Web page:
Sometimes part of traveling is the unexpected turn of events that make a day really special.
While we were in Maryland we went hiking with Gabriel’s aunt and uncle. We took with us their 5 year-old grandson, Darius.
Darius loves superheroes and loves costumes. When he suggested we went hiking dressed as superheroes, I jumped on the idea.
He gave me a power ranger mask and sword, which I wore proudly for the duration of our hike (although mostly on the back of my head.) He himself wore a spiderman mask.
We got a few strange looks, but mostly the people that we crossed smiled at the fact that we were entertaining a child’s fantasy.
What made this day very special though was Darius’ bewildered amazement of the environment around him.
hiking with children
Indeed it was his first hike. He’d never been in the middle of the forrest before and took to the hike with a little too much enthusiasm.
The entire forrest was his playground, treating the rock formations as a giant hopscotch court.
Even as a full grown adult, the forrest is a magical place. There’s a voice in the back of your head that’s always yelling in wonderment and awed admiration, a voice the adult in you listens to, but keeps mostly to itself.
A five year old has no inhibition. When something is amazing to them, their reaction is immediately expressed.
When I showed him a caterpillar, his reaction was a sudden “wooooooooow, it’s so beautiful!”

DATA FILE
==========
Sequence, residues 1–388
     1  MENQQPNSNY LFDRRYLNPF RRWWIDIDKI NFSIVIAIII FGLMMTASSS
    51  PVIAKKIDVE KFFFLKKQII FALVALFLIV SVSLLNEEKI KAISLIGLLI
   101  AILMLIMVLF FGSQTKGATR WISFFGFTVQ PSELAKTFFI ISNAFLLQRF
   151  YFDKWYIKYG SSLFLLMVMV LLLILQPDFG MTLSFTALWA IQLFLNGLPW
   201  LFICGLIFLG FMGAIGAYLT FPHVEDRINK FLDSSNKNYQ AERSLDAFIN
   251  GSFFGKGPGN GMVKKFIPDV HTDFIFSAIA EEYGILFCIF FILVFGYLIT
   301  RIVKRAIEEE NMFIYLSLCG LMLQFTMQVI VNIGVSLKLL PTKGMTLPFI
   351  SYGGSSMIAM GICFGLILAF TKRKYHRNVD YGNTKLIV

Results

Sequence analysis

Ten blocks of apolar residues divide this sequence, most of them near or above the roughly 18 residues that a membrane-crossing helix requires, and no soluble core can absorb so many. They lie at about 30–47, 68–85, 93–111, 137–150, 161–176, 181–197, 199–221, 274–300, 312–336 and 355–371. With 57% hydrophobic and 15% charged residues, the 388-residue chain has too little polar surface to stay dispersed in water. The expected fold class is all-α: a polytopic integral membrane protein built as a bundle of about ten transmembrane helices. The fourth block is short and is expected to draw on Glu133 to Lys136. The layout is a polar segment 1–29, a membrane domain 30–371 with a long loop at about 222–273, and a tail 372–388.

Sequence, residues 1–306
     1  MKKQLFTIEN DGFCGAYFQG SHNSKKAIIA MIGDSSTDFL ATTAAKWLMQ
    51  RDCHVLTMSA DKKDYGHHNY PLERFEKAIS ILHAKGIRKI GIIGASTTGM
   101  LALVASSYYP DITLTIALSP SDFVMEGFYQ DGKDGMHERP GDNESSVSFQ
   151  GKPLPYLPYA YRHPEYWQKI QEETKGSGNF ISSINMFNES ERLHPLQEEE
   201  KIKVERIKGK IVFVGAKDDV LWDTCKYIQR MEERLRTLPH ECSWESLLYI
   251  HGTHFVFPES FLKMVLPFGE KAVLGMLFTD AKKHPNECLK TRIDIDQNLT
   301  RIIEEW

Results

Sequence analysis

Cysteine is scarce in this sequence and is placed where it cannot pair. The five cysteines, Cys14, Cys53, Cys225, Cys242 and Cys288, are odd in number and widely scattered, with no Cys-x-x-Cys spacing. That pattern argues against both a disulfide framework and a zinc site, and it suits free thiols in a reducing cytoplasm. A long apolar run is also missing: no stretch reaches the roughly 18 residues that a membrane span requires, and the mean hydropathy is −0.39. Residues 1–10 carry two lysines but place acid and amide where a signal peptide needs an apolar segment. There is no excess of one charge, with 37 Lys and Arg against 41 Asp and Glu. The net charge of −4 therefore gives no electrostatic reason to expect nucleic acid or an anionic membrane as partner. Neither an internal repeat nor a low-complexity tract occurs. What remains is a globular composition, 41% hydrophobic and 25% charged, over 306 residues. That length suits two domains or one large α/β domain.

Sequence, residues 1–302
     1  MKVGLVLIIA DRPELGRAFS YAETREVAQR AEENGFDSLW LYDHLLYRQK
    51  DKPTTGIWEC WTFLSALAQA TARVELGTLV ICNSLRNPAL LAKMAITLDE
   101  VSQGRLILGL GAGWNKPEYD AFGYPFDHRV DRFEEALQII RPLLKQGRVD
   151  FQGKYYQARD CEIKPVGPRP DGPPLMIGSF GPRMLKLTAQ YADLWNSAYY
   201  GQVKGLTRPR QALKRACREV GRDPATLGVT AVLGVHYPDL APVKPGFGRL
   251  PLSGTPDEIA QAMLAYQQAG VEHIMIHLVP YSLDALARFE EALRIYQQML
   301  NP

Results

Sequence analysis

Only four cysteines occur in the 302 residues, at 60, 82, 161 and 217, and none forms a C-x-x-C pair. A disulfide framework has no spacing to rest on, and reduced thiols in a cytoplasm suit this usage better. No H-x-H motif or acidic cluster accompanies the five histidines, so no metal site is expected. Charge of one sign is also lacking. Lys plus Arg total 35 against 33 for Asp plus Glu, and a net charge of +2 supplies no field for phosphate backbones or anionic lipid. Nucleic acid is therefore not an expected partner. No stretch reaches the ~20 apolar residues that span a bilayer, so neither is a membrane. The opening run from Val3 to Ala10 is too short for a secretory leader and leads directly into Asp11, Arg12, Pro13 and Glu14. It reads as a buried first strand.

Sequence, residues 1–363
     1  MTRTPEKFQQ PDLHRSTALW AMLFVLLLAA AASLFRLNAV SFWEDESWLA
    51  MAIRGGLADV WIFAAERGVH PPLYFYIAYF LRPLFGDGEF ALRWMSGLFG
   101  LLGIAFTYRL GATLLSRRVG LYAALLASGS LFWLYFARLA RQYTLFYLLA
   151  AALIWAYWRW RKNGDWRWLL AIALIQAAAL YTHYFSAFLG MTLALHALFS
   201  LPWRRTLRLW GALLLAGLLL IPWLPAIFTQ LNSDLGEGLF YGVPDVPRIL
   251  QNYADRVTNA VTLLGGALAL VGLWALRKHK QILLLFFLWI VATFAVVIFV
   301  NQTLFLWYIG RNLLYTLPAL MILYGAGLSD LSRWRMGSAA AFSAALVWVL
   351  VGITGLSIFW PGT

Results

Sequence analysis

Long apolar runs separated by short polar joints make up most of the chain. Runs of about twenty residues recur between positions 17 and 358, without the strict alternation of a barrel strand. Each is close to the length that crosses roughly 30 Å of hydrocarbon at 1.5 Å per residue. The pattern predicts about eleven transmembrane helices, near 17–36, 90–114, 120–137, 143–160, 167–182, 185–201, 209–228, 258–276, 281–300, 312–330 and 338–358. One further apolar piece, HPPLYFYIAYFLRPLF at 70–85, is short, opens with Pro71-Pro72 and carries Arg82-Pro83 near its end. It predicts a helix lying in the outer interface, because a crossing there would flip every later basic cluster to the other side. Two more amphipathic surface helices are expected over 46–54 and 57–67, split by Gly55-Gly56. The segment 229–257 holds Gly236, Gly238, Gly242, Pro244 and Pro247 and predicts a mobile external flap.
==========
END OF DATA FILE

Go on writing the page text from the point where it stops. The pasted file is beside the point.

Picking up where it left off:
And isn’t that true?!
Yet how many adult hikers glorify a little creature such as a caterpillar on a routine walk?
How delightful to have the excuse to be a child again, both inside and out. It’s a golden ticket to be yourself completely.
On the walk, Darius was collecting acorns. He gifted me the most perfect one that he had found.
Of course, hiking with a five year also has its challenges. Old rag isn’t too challenging for an adult, a mere 2.6km to the first “false” summit, all uphill, but mostly on clear-cut trail.
BUT, when you get to the top of old rag mountain, the landscape is bare of trees and replaced by smooth boulders.
Up here a wrong step can land you in pieces at the bottom of the mountain.
His grandmother was nervous, to say the least. It was difficult to calm his abundant energy and keep him from running around a little too close to the edge while we waited for Gabriel to climb to the real summit and return.
A bug running around on the rocks was enough to distract him for a little while though.
Up here you’re above the birds.
And the view is absolutely stupendous, for 360 full degrees.
On the way back down, his over-enthusiasm got him running way ahead of the pack.
We tried to show him that going too fast led to tripping and falling, something he learned on his own a bit later down the road.
We tried to get him to take a second to look around and make sure he was on the right trail by looking for the blue markers. He turned it into a game and tried to be the first to call out a new blue marker.
By the end of the hike, his legs were done. That’s something else I learned about five-year olds, they’ve yet to learn how to ration their energy. It’s on, or off, no in between, no warning. He needed a break, so I gave him a piggy back.
In the end we had a wonderful hike, and it would still have been wonderful without him, but with him, it allowed me to realize there’s a lot we normally take for granted, both about ourselves and our surroundings, or at least aren’t amazed about enough when we hike as adults.
When I got home I took that acorn and covered it with gold leaf. I put it in a ring box and asked that it be delivered to him the next time Gabriel’s folks went for a visit.
I hope it will remind him of the lesson he taught me:
Treat every moment as a perfect little treasure.